SimCity 2000 was originally written for a 256 color environment. Since many people may only have the generic 16 color video drivers installed or may have video drivers for more than 256 colors, we have allowed SimCity 2000 to run in color resolutions other than 256. Obviously, trying to run a program with 256 color artwork in 16 colors is going to look downright yucky. Additionally, due to the way many high-color and true-color cards work, some animations in SimCity 2000 may not work properly with systems running in more than 256 colors. However, in both cases, SimCity 2000 is still playable, so if you don’t have 256 color drivers or are not sure how to install them, you can still play SimCity 2000 while calling your video card manufacturer or reading up on the documentation that came with your video card. For absolutely best results, we recommend that you run SimCity 2000 on a system configured for exactly 256 colors.
The Microsoft generic drivers for both 256 color video and 16 color video (should you not have an SVGA capable video card) have been included on this fine CD-ROM product. The SVGA drivers can be found in the subdirectory \SVGADRV and the regular 16 color VGA drivers can be found in the directory \VGADRV. We recommend that even if you are using 16 color drivers currently and cannot run in 256 colors, you install the included VGA 16 color drivers for maximum prettiness. If you’re installing the 16 color VGA drivers, select the “VGA (640×480, Palletized 16 colors)” option.
I’ve never heard of a palletized 16-color driver for Windows, so this was a surprise for me. Normally in Windows, only the 256-color mode works with a palette where programs can allocate colors they need. The standard 16-color drivers work with a fixed palette that cannot be changed by an application, and the high/true color modes work with direct color selection instead of palettes.
Let’s give it a try. There are three VGA drivers in the \VGADRV directory:
- 640×480, palletized 16 colors
- 640×480, 16 grays
- 320×200, 256 colors
Maxis recommends the first one, so I started with that. Going into the color picker showed that there are still only 16 colors, but the whole palette is different. Almost no color is identical to the standard 16-color palette. On the other hand, this does not look like a palette that would be good for the SimCity 2000 visuals:
The game warns you that your adapter is not set to 256-color mode:
When the title screen appears, it is clearly visible that the system palette has been changed by the game asking for different colors. As a result, even the Windows GUI elements have changed their colors. However, the intro artwork looks much better than with the standard VGA driver:
The in-game graphics seem very close to the 256-color output. I am still surprised at how good it looks:
Let’s switch to the program manager while the game is still running and check the colors again:
The current palette is very different from the one that was used before the game started. It is safe to say that with this driver, you can enjoy the game without an SVGA adapter. A typical 486 used to have an SVGA adapter with at least 512KB of local memory. This was not true for laptops though. Many early 486 portable machines were stuck with just 16 colors at 640×480 – even the rare ones with color TFT displays. There were also 386 machines upgraded with “wannabe 486” CPUs inserted in 386 DX/SX sockets.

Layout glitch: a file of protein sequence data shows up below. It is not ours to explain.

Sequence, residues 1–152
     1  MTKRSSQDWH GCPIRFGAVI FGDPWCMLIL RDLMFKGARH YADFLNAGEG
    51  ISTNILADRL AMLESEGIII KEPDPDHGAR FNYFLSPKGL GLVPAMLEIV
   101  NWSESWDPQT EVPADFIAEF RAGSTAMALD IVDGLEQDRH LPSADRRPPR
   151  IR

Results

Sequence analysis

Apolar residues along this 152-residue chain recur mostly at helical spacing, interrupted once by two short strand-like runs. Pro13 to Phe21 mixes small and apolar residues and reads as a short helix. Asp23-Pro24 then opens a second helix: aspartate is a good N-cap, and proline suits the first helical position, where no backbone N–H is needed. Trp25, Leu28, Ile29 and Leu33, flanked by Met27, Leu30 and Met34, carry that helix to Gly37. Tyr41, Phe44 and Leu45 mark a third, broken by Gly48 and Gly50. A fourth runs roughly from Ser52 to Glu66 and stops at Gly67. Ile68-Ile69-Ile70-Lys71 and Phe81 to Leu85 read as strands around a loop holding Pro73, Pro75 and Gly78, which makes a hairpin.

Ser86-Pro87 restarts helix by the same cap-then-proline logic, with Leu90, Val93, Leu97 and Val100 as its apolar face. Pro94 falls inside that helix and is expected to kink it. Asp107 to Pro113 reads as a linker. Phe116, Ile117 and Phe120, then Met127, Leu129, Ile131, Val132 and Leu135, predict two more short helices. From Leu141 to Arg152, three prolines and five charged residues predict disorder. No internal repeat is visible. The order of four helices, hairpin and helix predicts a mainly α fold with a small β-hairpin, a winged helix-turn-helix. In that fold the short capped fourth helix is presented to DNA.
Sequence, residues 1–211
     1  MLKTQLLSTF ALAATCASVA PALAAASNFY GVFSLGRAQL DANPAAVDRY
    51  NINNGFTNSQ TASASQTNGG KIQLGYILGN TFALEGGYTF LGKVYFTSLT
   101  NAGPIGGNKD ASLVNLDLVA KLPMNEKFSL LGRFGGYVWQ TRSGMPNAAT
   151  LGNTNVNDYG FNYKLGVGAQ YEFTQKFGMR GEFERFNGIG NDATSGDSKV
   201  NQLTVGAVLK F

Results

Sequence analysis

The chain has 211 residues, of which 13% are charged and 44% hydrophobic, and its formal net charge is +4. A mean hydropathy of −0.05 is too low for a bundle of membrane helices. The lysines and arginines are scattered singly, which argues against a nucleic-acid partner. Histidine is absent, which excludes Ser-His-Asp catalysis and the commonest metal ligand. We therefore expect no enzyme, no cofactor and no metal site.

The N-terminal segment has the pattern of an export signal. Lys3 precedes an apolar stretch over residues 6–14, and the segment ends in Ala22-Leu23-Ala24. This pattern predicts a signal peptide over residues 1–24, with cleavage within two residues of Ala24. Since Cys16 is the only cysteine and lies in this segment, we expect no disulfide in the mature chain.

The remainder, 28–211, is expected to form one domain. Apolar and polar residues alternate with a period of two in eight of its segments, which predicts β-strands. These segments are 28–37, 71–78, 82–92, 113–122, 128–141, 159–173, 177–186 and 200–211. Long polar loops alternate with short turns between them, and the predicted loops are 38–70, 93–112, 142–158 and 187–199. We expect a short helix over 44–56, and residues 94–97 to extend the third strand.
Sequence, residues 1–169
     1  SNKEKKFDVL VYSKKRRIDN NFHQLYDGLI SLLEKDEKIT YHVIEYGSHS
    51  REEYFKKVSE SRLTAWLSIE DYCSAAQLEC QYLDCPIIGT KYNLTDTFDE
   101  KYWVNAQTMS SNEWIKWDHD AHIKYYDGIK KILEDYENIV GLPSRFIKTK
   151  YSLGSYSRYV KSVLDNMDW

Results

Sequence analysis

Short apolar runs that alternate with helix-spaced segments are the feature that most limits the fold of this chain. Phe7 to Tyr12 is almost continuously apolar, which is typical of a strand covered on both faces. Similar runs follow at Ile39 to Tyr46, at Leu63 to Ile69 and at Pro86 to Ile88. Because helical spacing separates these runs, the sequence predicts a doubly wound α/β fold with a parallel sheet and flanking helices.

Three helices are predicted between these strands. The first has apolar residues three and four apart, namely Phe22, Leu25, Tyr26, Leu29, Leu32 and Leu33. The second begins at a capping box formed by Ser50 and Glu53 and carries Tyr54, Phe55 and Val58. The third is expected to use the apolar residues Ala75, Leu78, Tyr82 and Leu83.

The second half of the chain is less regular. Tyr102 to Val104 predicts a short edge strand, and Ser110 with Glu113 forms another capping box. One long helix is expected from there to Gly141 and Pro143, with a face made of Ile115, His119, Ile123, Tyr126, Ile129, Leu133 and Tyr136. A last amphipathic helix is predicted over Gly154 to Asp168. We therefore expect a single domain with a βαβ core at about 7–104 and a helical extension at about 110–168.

However, do not expect this game to run in 16 colors on a generic 33-MHz 386 machine. The automatic bitmap color depth conversion requires too much CPU time. The game is therefore so slow that it is almost unplayable, although it would be playable in the 256-color mode.
Tested on real hardware
Before I ran the game in an emulator to take all the screenshots, I installed the game on a Toshiba T2200SX laptop from the year 1991. I like this one because of its compact size. It has a 20-MHz 386SX, 10MB of RAM and an 80MB hard drive, so not a very fast machine even in the 386 class. Its Western Digital WD90C22 VGA chips could have supported more than 16 colors at 640×480 resolution, but Toshiba only installed 256KB of video memory (the 256-color mode at that resolution would require 300 KB).
I installed the game from a parallel port ZIP drive and installed the palette driver. Unlike in the emulator, a laptop sometimes changed the palette and made the whole graphics look corrupted. I found out that this can happen only when the game toolbar on the left is drawn over the main game window, so the problem can be avoided.
The palletized driver (right) improved the visuals even when playing on a monochrome passive matrix LCD. The standard VGA driver (left) drew most tiles with the same shade of gray.
What about the other VGA drivers?
The “16 grays” driver was the least interesting. It is just a standard VGA driver where the output palette is changed to monochrome. This change is only visible to the user. Programs and OS work with the driver as if it had a standard 16-color fixed palette. Thus, it does not provide any advantage for the game (or anything else).
If you like the idea of changing the output palette in the VGA driver, it is not that difficult. There is a thread about it on Vogons.
More interesting is the 256-color driver. I know that Windows 1.0-3.0 are designed to run in 320×200. Early programs can work with that because it was the default resolution that Windows used when running on certain CGA cards. However, Windows 3.1/3.11 is too new and so is SimCity 2000. You can run the game, but the toolbar is so large that there is no way to play it properly.